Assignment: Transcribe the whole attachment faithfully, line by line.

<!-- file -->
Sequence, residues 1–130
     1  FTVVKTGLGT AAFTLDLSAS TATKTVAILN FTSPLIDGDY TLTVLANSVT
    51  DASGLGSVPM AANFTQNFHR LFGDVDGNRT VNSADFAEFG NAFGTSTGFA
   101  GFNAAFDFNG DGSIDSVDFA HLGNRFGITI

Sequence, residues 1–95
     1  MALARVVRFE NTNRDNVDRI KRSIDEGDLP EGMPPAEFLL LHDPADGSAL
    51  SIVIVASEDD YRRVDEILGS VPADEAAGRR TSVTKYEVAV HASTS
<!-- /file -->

Sequence, residues 1–130
     1  FTVVKTGLGT AAFTLDLSAS TATKTVAILN FTSPLIDGDY TLTVLANSVT
    51  DASGLGSVPM AANFTQNFHR LFGDVDGNRT VNSADFAEFG NAFGTSTGFA
   101  GFNAAFDFNG DGSIDSVDFA HLGNRFGITI

Sequence, residues 1–95
     1  MALARVVRFE NTNRDNVDRI KRSIDEGDLP EGMPPAEFLL LHDPADGSAL
    51  SIVIVASEDD YRRVDEILGS VPADEAAGRR TSVTKYEVAV HASTS